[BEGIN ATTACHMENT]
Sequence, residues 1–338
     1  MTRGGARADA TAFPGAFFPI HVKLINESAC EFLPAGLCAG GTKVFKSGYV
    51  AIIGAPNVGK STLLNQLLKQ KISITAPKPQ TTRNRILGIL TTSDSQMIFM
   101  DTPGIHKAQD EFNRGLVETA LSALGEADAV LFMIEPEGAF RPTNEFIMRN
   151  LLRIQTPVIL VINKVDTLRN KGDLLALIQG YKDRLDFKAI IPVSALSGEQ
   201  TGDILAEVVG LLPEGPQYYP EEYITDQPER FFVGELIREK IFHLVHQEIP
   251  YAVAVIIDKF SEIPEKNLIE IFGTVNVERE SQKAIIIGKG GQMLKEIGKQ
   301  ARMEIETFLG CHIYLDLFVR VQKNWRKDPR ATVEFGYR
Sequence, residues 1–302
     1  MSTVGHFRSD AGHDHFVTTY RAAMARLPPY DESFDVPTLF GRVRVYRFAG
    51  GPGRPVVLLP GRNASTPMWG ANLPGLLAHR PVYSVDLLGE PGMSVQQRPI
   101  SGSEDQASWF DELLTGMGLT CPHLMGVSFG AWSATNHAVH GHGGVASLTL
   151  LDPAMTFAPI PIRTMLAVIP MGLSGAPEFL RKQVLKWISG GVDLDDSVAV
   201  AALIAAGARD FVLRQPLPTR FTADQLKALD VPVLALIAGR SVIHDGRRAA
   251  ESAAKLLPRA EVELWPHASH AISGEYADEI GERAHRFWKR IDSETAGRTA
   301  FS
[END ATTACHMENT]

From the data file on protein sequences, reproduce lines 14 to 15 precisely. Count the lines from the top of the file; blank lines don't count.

   201  AALIAAGARD FVLRQPLPTR FTADQLKALD VPVLALIAGR SVIHDGRRAA
   251  ESAAKLLPRA EVELWPHASH AISGEYADEI GERAHRFWKR IDSETAGRTA